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WA Psycho places Top 16 at Final Round XVII Featured
18 March 2014 Written by 

WA Psycho places Top 16 at Final Round XVII

Competing in only his 2nd FGC Major ever, WA Psycho was eager to get out to Final Round XVII in Atlanta, GA in order to prove that he could play at the highest level at one of the longest running and higher regarded tournaments on the East Coast. With game publisher Capcom designating this event as an official Capcom Pro Tour event, competitors from all over the world would make the trip to gather their Pro Tour points for a chance to compete at the highly anticipated Capcom Cup. It’s every FGC competitor’s dream to place Top 16 at a Major Tournament, and for Psycho this would be the start of a magical breakout in his eSports career.

Despite some early round jitters and narrowly escaping an early scare from D Slicer (Zangief), Psycho would shake the nerves, to meet OAR Raph (Evil Ryu) in Pool 20 Winners Finals. With both players appearing on stream for the 1st time on the day, nerves appeared to kick in as they both had issues with dropped combos in the early going. WA Psycho vs OAR Raph - Final Round XVII - Winner's Finals Psycho would get plenty of mileage out of cr. Jab in order to stuff Evil Ryu’s cr. MK throughout match 1 and would eventually end up taking it with relative ease. Despite dropping the 2nd match due to an anxious and rather questionable whiffed straight for chip, Psycho would regain his composure and dominate the 3rd match to qualify out of his pool in Winner’s bracket.

In his 1st match in qualifiers, Psycho would have face off against the legendary Mike Ross (Honda). After a strong 1st match where both players would push each other to under 10% health, Psycho would gamble; failing to hit-confirm his dash straight into Super, which would result in a 0-1 deficit. From there, Mike Ross’ experience would begin to shine; using his knowledge gained through playing other notable Balrog players (i.e. – Keno, Gooteks, etc.) to land well-placed frametraps in the 2nd match to send Psycho into Loser’s bracket, but not before narrowly averting a desperation ultra from Psycho. “You know you pushed something right?” WA MuRDA, who was coaching Psycho during the match, jokingly alluded to what he felt was a button input from Mike Ross just before the Ultra. “Yeah, I did! I thought it got me” Mike Ross would say back with a laugh before walking off the stage.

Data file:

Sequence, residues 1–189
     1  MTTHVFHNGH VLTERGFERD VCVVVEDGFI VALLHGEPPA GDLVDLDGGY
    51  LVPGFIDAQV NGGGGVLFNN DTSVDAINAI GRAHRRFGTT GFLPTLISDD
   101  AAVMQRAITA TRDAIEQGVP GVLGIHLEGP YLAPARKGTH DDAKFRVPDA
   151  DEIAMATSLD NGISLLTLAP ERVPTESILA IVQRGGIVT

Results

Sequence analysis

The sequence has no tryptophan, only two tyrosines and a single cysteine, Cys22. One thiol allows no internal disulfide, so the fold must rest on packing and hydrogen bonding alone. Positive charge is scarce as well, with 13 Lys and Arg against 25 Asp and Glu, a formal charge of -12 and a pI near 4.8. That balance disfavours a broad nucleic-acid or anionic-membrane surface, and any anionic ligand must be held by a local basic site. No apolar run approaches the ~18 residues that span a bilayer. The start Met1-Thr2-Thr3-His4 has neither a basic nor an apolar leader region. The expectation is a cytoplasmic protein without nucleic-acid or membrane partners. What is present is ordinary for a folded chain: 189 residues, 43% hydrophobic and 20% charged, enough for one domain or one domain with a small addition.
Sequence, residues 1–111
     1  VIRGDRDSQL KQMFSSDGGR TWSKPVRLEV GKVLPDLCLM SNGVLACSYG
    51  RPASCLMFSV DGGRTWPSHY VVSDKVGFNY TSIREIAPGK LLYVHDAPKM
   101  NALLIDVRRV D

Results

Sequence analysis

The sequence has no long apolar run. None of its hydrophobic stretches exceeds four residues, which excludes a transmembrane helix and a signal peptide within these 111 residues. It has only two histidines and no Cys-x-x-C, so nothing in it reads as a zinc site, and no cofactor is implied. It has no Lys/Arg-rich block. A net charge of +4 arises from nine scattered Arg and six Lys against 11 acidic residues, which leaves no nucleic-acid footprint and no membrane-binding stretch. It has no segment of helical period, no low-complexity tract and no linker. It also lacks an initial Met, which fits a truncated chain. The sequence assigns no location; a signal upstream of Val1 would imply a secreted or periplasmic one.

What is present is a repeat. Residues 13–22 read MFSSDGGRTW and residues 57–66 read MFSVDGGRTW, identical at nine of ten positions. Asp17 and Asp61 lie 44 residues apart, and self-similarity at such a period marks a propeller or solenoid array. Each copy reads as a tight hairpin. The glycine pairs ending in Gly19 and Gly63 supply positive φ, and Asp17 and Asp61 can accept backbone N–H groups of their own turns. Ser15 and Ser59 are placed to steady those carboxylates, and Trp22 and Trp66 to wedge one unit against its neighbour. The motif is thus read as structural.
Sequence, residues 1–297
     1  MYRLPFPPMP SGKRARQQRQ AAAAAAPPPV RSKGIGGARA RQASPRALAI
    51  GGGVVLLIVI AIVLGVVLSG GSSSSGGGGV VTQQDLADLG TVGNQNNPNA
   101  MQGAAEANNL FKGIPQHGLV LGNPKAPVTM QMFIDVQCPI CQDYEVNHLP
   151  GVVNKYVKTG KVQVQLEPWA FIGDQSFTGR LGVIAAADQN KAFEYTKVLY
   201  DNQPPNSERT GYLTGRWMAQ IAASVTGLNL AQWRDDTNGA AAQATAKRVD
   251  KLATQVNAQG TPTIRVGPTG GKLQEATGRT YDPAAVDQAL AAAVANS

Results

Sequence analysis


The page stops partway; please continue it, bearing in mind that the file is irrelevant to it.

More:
So as fate would have it, Psycho would have to go through a trio of Atlanta’s strongest players in order to play in Top 16 on Sunday – setting the stage for several magical moments to happen. In his first match in Loser’s bracket, Psycho would go up against Joyfull (Yun), who is among the Top ranked Yun players on Xbox Live. Psycho would end up dropping the 1st match on a dash straight chip attempt, which would auto-correct into an overhead. That would ultimately lead to a 2nd chance for Joyfull who fully capitalized with a wake up DP for the win. With his back against the wall, and recognizing his tournament life was on the line, Psycho would buckle down and would end up taking the next 4 rounds straight for the 2-1 win.

WA Psycho vs Mike Ross - Final Round XVII - Top 64 After his win, Psycho moved onto play in a Top 25 match against Shin Phoenix (Vega). After tying the score at 1-1 and going into the decisive 3rd match, Psycho would overcome a 60% health deficit by capitalizing on one of the few mistimed anti-air St. HK’s by Shin Phoenix, and converting the big damage combo for the win! It was the second match outside of qualifiers that he would come up clutch in order to stave off elimination; something that previously plagued him in his 1st Major, months earlier at CEO 2013, where he would get eliminated by pixels on a dropped punish after a whiffed fierce DP from Ace Kombat (Ryu). Psycho’s maturation as a player was growing before our eyes. Gracious in defeat, Shin Phoenix – who is regarded as one of the classiest players in the fighting game community – would approach Psycho, simply deeming the risk as “well played.”